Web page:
CIT procedure 2-Determination of the general aim of the activity
Incidents described would be considered “critical” if KIs deemed them to be significant in terms of their experience and if they could be relied on as relatively accurate accounts of specific events. A “critical incident” for the purpose of this study was defined as:
“a team intervention recalled by the KI as either a significant positive or negative experience that meets research criteria in terms of multi-disciplinary team and team intervention and therefore has potential to contribute to building the IPT”.
As per the CIT, interviews would commence with an introductory statement to advise KIs of the purpose of the exercise (Please refer to Appendix 1. p.1 for complete protocol). Following some background questions regarding professional roles and experience, KIs would then then be asked to recall a critical incident as follows:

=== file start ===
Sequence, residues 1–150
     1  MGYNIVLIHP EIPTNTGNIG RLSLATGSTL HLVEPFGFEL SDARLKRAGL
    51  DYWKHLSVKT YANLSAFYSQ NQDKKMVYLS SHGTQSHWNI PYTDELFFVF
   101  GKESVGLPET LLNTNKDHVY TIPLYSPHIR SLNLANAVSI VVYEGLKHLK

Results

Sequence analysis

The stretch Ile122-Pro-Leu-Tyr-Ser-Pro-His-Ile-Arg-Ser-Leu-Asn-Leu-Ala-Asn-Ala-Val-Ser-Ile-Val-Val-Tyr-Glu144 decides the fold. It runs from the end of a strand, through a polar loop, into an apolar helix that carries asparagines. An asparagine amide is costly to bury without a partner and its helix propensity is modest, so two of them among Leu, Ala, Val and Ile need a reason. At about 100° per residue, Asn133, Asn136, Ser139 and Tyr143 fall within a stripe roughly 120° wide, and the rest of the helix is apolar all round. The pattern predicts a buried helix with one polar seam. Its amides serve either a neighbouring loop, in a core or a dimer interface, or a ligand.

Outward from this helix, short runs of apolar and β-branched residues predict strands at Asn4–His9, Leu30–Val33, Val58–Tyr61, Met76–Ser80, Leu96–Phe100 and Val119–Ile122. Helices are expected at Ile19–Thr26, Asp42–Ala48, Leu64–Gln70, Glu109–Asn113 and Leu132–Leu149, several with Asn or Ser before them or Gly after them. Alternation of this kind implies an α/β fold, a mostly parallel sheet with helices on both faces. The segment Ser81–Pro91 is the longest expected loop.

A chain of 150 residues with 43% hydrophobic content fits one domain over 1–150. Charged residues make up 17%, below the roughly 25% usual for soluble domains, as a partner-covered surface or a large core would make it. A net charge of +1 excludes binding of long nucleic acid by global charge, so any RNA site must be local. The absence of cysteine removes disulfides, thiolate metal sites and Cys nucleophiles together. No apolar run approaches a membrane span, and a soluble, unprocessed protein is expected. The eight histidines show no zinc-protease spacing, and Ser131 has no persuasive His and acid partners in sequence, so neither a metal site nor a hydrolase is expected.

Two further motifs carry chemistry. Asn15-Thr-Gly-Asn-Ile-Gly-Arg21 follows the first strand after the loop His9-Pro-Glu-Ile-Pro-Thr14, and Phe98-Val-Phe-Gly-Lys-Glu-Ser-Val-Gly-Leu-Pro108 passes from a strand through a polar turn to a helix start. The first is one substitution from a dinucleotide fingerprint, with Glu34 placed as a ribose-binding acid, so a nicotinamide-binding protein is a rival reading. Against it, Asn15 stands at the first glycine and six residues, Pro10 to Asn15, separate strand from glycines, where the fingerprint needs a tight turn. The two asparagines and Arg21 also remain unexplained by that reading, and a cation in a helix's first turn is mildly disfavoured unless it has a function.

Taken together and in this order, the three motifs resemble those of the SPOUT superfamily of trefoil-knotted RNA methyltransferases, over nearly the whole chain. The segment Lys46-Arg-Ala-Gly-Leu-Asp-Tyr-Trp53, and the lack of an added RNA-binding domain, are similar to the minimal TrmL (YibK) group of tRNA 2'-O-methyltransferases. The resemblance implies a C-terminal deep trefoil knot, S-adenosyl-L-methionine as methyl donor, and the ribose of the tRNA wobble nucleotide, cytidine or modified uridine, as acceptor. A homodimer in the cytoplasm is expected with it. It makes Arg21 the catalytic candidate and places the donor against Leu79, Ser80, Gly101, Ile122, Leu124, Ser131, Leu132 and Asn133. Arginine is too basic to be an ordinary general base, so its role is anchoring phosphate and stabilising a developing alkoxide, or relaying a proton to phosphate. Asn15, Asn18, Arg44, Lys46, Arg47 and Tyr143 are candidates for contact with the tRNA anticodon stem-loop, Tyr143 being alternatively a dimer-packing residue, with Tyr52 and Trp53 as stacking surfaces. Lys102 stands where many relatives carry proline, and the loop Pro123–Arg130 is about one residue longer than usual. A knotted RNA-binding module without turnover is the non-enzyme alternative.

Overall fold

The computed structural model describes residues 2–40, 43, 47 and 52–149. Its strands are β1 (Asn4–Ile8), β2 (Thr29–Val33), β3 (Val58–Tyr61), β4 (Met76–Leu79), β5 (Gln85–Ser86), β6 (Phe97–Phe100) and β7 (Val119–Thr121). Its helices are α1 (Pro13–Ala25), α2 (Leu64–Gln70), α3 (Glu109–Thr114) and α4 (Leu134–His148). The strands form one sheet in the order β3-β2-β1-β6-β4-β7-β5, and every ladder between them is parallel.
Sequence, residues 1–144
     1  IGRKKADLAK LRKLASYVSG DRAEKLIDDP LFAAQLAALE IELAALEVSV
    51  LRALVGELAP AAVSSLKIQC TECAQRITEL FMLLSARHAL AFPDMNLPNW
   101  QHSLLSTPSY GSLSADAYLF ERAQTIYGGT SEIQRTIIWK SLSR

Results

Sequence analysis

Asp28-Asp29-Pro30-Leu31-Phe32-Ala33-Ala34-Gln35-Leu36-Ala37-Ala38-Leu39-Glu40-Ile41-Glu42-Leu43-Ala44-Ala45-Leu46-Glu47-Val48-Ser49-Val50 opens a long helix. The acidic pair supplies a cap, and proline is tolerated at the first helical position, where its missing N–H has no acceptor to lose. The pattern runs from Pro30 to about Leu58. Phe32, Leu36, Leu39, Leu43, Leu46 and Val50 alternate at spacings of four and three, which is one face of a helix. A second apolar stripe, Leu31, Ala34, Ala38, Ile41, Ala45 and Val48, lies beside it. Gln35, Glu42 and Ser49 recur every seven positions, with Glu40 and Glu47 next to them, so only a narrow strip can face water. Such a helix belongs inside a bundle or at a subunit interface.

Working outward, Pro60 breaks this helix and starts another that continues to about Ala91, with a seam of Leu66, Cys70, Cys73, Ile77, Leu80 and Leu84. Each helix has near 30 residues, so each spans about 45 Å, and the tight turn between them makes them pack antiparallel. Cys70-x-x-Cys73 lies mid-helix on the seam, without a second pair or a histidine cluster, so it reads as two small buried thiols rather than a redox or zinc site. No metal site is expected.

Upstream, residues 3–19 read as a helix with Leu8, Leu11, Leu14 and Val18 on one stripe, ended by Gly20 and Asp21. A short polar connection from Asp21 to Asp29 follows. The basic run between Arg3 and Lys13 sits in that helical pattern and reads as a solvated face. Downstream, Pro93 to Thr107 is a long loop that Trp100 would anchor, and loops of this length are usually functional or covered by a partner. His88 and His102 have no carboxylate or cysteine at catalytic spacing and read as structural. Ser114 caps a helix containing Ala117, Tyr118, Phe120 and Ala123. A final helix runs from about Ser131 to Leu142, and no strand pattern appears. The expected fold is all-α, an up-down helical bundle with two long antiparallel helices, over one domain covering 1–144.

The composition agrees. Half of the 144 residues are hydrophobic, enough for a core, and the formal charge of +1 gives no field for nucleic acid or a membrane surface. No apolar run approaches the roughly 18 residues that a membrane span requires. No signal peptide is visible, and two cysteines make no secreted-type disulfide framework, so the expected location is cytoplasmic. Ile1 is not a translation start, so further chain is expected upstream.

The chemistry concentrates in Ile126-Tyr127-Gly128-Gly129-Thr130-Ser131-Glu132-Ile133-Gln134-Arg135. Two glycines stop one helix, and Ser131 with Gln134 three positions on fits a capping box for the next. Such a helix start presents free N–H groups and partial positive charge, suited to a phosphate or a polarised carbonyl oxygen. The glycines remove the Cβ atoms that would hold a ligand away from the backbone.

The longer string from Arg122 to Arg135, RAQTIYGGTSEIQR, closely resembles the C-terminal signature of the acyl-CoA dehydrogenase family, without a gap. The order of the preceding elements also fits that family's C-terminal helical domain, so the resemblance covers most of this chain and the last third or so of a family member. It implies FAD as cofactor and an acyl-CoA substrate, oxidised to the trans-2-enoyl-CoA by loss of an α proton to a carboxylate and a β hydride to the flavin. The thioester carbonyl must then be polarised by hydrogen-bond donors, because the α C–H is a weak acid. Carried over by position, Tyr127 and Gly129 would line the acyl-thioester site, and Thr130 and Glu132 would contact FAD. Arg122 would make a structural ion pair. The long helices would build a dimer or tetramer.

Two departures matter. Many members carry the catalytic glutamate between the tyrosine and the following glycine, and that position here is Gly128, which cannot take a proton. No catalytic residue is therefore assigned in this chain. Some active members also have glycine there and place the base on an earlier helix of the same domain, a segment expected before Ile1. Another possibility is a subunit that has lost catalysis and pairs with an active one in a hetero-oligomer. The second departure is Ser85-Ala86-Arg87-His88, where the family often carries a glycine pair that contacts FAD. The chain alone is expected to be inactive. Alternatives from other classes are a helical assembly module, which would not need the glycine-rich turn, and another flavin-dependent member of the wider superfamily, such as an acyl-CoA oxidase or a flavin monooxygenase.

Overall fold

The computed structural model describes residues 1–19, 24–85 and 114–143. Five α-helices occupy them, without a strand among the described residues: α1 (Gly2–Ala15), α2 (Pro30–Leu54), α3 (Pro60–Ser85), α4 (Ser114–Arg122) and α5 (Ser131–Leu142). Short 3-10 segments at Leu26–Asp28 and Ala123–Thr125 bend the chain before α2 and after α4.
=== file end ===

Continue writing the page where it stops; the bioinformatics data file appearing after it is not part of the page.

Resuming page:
- Can you think of a significant event/situation/time that you were particularly proud of working on a team intervention or initiative to improve patient care?
- In a few words can you tell me what was the primary aim of the initiative was?
If recalled incidents were not deemed to meet the research criteria, KIs would be re-directed for the purpose of the exercise, for example:
“That’s a really nice example of an intervention introduced with your own professional colleagues, I am going to ask you to think again….this time if you can think of an intervention where there were a number of disciplines involved, that would be great.”
Following an initial question as to why they selected this experience, they would then be asked a series of questions with probes embedded to elicit more factual data specific to the intervention experience. This process was followed in asking participants to recall a significant event /situation/time that they were particularly proud of, and subsequently, one there were not so proud of (See Appendix 1 Interview).